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Article on scientists’ use of Twitter cites Sciencewise publication

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An article in the Journal of Promotional Communications on the role of Twitter in public engagement on science issues cites the Sciencewise publication ‘Sustainable Participation’ (by Jason Chilvers) as a source for understanding the shift from deficit to dialogue.

The article does not take a view on whether deficit or dialogue is fundamentally superior, nor whether there is an inevitable progression from one to the other, but rather that both models are assumed to have a role in public engagement.

The focus of the article is on the ways in which US and UK scientists use Twitter, especially the hashtag #scicomm. It concludes that the scientists in this study did not use Twitter as an engagement mechanism but that it was part of a broader life, straddling professional and personal boundaries. As such, the author concludes that:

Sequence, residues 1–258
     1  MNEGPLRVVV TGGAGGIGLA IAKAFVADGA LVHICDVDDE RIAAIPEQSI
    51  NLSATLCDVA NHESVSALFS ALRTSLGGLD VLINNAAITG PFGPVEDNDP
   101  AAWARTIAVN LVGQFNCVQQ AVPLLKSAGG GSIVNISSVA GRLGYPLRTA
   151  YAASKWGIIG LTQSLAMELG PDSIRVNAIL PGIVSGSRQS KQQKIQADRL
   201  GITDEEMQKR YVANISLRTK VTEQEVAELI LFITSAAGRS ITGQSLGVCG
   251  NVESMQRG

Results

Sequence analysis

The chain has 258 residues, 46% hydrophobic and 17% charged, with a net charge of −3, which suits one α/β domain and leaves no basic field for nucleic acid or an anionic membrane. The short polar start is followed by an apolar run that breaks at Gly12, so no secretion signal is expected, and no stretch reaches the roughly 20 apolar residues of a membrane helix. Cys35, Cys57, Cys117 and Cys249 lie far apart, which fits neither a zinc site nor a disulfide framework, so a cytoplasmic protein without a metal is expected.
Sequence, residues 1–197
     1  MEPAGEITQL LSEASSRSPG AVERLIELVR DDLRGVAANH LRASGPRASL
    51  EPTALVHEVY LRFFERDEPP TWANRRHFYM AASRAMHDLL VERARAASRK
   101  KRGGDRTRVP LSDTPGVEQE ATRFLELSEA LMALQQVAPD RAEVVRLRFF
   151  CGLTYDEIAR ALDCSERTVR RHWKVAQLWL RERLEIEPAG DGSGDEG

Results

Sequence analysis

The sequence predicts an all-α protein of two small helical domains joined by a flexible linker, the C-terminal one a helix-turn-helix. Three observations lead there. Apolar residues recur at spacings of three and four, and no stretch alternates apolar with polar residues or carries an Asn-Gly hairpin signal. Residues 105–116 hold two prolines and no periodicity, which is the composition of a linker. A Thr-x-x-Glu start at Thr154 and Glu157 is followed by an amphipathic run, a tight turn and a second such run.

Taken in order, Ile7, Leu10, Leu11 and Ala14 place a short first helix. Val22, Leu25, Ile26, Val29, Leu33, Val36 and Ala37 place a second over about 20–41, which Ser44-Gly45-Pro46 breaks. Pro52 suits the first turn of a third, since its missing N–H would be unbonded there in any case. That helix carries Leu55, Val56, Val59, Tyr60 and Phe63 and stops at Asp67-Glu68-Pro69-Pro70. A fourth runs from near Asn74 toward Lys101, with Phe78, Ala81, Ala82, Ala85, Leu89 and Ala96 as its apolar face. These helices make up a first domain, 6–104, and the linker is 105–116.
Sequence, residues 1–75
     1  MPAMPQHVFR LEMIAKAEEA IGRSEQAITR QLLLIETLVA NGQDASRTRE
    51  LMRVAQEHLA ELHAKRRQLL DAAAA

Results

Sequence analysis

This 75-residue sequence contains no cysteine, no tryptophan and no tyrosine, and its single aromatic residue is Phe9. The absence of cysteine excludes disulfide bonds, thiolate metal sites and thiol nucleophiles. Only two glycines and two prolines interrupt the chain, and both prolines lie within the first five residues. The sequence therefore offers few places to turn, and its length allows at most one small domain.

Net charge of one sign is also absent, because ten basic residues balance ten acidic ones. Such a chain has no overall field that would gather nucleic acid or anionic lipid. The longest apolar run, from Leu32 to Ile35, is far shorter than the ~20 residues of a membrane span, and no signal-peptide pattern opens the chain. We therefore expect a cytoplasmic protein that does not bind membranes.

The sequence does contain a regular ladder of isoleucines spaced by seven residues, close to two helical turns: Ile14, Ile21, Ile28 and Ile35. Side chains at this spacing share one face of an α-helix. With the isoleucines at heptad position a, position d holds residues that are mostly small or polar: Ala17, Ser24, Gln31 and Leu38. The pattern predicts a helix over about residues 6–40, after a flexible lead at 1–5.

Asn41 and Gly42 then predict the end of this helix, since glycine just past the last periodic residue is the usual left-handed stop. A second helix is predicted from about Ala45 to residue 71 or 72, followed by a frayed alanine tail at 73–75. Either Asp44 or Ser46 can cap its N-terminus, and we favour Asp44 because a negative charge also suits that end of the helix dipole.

“regardless of the engagement agenda of individual scientists using it, Twitter may significantly change the nature of science communication. Twitter creates 'ambient awareness' which can generate strong feelings of closeness and intimacy (Kaplan and Haenlein 2011). If en masse these scientists tweet about their lives, organise social events and collaborations, challenge their superiors, post pictures of their pets or their particle colliders, all in plain sight of a potentially limitless audience, then there seems to be an opportunity for Twitter to fulfil this role. As Jackson and Lilleker (2011) point out in the case of UK Members of Parliament's use of Twitter, this can arguably break down barriers between scientist and non-scientists, and encourage greater trust and interest and build an impression of scientists that surpasses pejorative media narratives.”

‘Sustainable participation? Mapping out and reflecting on the field of public dialogue on science and technology’, by Jason Chilvers. Published by Sciencewise in 2010.
Smith, Alison. 2015. ‘Wow, I didn't know that before; thank you’: How scientists use Twitter for public engagement, Journal of Promotional Communications, 3 (3): 320-339.
www.promotionalcommunications.org/index.php/pc/article/viewFile/61/75